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Dear daughter,

It’s not you . . . it’s me.

When I lose my temper and raise my voice a decibel louder than intended, I desperately want to tell youit’s not you . . . it’s me.

When I say the thing I immediately wish I could take back and I see the hurt in your eyes, I pray you see, baby girlit’s not you . . . it’s me.

When I use kind words and a gentle voice with your baby sister, and in the same breath only offer you impatience and exasperation, I desperately want you to know it’s not you (or her) . . . it’s me.

RELATED: To My Daughter When I Fail

When I’m not considerate with the words I speak about you while you are in the room, please hear me when I sayit’s not you . . . it’s me.

When I ask daddy to tuck you in because I can’t take one more minute, sweet girl, rest assuredit’s not you . . . it’s me.

When I need a minute, an hour, or even a day to myself away from this chaos of life, I pray you understandit’s not you . . . it’s me.

You see, sweet girl, when you look at me, all you see is your mama. And I love that about youyou see me with such innocent eyes. But the thing is . . . I am so much more than that. I am also a wife, daughter, sister, and friend. I am an employee, a volunteer, and a life-long learner. I am a sinner, but also a servant of God. And each of these roles, these responsibilities I carry, they can make life complicated sometimes.

In other words, I am human.

And I make mistakes. A lot of them.

And on the days when I’m pushed too far or stretched too thin in the other roles of my life, I fall short with you. I fall short as a mama.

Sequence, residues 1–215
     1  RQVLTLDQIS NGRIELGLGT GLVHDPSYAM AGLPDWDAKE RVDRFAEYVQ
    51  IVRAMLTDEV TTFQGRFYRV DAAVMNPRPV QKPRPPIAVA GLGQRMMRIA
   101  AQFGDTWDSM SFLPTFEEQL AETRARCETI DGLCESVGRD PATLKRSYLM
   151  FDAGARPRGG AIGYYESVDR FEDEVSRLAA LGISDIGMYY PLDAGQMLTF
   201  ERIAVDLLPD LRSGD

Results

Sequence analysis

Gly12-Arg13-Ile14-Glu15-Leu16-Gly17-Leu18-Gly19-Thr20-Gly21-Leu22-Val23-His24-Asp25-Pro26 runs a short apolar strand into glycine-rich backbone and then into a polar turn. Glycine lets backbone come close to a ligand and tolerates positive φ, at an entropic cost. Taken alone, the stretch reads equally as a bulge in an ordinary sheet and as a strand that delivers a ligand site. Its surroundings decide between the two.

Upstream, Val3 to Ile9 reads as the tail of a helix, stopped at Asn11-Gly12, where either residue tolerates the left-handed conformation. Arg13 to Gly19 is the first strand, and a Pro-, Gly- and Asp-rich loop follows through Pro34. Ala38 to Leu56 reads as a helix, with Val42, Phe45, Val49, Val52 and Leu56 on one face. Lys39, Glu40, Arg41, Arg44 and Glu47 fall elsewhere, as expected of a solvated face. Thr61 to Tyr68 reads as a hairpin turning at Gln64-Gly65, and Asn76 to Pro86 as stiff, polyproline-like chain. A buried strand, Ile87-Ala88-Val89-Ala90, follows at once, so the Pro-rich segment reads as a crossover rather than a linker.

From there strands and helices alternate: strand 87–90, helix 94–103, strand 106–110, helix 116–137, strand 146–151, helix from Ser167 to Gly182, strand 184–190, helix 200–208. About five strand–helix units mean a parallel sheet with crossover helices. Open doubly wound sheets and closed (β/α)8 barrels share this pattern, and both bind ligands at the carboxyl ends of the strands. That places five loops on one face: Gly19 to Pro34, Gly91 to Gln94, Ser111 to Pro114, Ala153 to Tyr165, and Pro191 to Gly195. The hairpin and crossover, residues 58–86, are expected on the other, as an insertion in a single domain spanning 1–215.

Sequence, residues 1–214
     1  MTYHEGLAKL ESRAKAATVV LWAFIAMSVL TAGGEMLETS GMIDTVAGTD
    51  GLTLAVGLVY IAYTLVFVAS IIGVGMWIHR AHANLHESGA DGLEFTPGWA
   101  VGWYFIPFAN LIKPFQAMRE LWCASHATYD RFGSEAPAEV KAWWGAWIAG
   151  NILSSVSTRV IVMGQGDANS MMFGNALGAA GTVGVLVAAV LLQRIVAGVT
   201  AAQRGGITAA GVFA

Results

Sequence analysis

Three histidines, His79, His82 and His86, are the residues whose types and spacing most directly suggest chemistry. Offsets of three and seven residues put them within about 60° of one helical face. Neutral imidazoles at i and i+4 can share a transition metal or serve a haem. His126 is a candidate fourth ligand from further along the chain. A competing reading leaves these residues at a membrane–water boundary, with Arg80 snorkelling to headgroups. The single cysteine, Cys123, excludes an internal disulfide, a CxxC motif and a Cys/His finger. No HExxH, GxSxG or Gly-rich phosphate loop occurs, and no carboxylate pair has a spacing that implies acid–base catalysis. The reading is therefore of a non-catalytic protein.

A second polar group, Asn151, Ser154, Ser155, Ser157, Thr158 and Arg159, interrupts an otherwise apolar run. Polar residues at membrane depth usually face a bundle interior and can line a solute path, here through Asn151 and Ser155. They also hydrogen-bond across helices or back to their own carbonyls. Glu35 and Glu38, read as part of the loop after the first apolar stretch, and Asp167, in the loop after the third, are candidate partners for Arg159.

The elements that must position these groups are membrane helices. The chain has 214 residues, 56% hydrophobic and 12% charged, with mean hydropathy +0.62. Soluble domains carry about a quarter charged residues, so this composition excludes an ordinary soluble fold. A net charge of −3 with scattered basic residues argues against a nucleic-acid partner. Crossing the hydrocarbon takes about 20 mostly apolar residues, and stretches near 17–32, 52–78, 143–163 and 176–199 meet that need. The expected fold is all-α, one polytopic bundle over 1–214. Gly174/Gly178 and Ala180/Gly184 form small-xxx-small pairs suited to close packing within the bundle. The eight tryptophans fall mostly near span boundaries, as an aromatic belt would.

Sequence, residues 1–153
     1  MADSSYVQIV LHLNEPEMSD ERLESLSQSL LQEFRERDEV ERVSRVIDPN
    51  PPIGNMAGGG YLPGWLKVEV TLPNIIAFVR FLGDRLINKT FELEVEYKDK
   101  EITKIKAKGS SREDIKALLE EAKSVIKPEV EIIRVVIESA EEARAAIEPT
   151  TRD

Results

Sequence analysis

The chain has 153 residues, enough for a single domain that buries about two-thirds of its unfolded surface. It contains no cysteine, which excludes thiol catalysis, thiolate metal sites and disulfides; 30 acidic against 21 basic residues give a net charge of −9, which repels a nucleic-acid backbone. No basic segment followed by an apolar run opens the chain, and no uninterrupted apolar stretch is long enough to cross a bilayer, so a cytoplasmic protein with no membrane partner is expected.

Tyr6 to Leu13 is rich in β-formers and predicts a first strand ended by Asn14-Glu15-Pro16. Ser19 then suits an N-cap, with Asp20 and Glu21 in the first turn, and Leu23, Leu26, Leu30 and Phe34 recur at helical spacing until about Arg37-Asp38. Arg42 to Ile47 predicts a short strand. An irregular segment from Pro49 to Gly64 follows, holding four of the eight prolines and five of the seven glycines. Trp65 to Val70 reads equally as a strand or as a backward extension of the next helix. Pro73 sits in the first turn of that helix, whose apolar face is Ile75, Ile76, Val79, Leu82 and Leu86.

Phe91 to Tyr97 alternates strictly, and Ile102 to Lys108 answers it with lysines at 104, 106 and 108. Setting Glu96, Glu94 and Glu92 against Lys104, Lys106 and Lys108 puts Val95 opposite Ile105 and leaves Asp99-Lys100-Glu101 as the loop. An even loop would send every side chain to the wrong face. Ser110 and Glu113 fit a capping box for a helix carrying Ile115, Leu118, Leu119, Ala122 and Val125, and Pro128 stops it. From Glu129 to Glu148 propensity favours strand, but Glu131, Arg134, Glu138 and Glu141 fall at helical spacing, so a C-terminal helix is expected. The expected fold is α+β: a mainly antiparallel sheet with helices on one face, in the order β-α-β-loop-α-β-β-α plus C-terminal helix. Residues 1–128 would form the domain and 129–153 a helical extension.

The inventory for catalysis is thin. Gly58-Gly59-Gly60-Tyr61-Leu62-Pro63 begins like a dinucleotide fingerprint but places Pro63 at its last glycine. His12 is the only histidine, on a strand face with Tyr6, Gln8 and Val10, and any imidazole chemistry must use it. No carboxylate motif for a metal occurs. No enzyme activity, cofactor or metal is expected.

I lose my temper.

I raise my voice.

I use unkind words.

I treat you unfairly.

I am inconsiderate.

I am impatient.

I am selfish.

RELATED: I May Fail, But I’ll Go Down Loving You

And unfortunately, it is likely that someday you will understand. You will know what it feels like to feel this way. And if nothing else, I pray it will help you see my heart for you a little more clearly.

But until then, sweet girl, please knowit’s not you . . . it’s me.

Previously published on the author’s blog

Parenting is a wild ride, but the strategies in Mindful Parenting in a Chaotic World have made it a little smoother for us! Too busy to sit and read? You can listen here, on Audible.

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Jen Hummel

Jen Hummel is a 30-something introverted Enneagram 1 and wannabe minimalist. She lives on a fourth-generation family farm with her handsome hubby, two daughters (+1 in heaven) and four crazy dogs. Yes . . . four. On any given day, you will find her in a graphic tee and stretchy pants sipping on an iced latte, because #basic. Writing is her safe haven and free therapy between bi-monthly sessions of the real deal. Jen's goal is creating community through authenticity + imperfection in her writing and IRL.  

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